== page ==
Wendi Stratford’s job as an accident reconstructionist is just one more enviable reflection of her ideal life. She’s got it all—perfect career, perfect looks, perfect husband, perfect home, perfect faith. There’s just one problem: it’s all a sham, right down to her bleached-blonde hair.So Wendi hatches an impulsive and exhilarating plan to break free of the lie she’s been living—only to watch her hopes die in a terrible accident. But as she sifts through the wreckage, Wendi comes to a shocking conclusion. This was no accident.The quest is on to learn the truth, but the truth could be deadly. And now someone is leaving Wendi clues at accident scenes, clues that could lead her straight into a killer’s hands. With her life on the line, Wendi must find strength in a faith that until now had been merely an accessory to her storybook life.With engaging characters swept into a millrace of mystery and suspense, Harry Kraus’ new novel is. . .perfect.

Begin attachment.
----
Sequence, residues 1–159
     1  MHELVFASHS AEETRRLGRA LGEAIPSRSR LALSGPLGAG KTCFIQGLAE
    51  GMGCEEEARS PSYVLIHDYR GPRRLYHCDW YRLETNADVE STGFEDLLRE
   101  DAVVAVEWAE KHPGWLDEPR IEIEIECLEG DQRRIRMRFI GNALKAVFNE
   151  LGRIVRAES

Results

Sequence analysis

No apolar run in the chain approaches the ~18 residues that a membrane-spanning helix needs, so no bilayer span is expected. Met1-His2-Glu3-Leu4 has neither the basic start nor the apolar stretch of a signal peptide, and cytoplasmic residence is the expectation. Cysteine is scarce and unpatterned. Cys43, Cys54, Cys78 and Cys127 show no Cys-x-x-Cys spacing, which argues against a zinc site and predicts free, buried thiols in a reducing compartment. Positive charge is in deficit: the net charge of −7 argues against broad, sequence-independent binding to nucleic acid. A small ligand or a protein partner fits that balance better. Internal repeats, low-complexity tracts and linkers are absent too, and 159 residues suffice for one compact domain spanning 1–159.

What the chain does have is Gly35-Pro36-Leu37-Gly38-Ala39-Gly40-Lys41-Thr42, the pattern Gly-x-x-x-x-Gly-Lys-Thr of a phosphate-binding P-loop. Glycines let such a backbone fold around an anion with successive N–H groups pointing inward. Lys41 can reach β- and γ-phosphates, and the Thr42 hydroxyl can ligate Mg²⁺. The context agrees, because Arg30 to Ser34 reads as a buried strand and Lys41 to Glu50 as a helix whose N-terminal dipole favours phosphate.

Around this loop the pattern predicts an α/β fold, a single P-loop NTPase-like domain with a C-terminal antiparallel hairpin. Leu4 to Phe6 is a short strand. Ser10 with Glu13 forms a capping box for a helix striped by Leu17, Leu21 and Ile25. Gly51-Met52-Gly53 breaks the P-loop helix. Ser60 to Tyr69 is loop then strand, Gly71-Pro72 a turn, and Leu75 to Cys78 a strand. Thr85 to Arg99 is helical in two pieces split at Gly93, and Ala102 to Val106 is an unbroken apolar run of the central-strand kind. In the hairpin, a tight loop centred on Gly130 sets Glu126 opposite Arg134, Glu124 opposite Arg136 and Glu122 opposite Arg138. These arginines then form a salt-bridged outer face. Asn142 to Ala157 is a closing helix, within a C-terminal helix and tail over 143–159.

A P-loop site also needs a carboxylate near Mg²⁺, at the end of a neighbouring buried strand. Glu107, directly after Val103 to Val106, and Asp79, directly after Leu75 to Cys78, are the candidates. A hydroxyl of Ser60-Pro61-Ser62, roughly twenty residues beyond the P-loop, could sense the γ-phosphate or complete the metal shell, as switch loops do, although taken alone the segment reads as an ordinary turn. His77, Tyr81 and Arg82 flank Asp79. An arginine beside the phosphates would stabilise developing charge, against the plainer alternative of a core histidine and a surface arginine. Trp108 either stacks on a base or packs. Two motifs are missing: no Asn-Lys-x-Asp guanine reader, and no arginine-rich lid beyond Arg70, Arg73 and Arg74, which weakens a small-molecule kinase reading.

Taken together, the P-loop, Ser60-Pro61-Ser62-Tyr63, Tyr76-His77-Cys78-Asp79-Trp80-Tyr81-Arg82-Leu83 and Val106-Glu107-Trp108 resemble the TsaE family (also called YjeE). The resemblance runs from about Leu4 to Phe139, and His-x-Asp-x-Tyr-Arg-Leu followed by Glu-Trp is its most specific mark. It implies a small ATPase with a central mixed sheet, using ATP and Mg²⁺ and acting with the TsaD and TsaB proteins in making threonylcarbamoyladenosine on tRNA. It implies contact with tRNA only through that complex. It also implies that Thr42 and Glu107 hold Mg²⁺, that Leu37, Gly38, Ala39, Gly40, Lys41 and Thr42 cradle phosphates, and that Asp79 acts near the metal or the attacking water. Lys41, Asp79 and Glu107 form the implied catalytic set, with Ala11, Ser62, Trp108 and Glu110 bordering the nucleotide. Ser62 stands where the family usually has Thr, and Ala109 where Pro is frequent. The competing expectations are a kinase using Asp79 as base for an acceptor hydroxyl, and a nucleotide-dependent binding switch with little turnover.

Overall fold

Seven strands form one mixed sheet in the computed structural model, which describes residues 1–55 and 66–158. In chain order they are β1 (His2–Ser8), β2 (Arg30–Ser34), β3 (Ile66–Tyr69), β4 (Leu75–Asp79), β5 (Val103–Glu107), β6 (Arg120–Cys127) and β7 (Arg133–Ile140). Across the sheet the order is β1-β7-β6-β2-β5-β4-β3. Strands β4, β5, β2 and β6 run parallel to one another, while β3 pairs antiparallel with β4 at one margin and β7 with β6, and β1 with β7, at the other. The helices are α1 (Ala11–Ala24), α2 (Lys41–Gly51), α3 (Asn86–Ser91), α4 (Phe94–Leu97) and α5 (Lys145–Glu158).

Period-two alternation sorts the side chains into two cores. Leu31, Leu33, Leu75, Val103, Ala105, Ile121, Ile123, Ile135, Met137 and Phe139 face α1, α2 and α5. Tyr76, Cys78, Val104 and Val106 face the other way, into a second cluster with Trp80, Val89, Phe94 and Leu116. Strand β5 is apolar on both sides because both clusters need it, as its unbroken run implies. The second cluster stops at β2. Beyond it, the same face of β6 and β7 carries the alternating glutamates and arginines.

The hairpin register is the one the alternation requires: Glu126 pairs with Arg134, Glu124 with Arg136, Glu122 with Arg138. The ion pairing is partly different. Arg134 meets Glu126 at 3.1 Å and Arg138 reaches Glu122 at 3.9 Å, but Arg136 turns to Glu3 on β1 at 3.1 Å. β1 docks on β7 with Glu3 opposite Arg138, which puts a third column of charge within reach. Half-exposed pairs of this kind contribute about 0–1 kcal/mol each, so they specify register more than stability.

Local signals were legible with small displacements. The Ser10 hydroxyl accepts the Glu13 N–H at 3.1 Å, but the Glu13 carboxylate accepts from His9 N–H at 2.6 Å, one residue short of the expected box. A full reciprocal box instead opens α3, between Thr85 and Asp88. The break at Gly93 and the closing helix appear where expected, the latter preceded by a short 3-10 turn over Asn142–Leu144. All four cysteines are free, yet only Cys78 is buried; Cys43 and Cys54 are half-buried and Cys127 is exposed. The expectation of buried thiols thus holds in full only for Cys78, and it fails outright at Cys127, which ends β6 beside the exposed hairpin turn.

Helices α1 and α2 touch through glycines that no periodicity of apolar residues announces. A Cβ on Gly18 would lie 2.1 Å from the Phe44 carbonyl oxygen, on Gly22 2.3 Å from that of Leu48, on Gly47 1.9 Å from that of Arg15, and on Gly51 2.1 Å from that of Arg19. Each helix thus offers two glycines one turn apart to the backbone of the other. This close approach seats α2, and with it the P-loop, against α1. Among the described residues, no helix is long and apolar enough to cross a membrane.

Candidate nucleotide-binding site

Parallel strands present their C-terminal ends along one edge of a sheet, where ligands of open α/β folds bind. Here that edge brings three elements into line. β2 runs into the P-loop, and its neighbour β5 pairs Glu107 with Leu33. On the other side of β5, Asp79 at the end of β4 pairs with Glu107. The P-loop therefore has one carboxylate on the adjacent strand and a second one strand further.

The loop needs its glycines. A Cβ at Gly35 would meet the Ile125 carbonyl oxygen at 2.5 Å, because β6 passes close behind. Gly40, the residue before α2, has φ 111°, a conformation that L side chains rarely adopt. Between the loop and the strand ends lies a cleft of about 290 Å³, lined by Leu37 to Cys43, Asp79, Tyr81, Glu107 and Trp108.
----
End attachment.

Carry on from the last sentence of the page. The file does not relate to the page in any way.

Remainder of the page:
In surgeon-cum-novelist Kraus's cloudy medical thriller, protagonist Wendi Stratford is a self-described "professional Christian": she has the perfect house, haircut and church (where Daddy is the pastor). Her husband also seems perfect, a man so meticulous that he carries three pens in his white physician's coat and knots his silk ties so that the longer tail hangs exactly two centimeters below the shorter one. Wendi is tired of hiding her real self behind a plastic facade, but when she lays aside her mask, tragedies begin to occur all around her. This raises one of the novel's more provocative questions: does God punish people for their sins? Kraus clearly knows his way around an OR, and intimate medical details give the story's less plausible plot twists some heft. Kraus also presents thoughtful ruminations on sin, guilt and forgiveness with some finesse. However, as suspense, this novel falls far short. The first half is devoted to character development for Wendi and her immediate family, but none of those nuances extend to the characters who become central in the more plot-driven second half, especially the stock villain.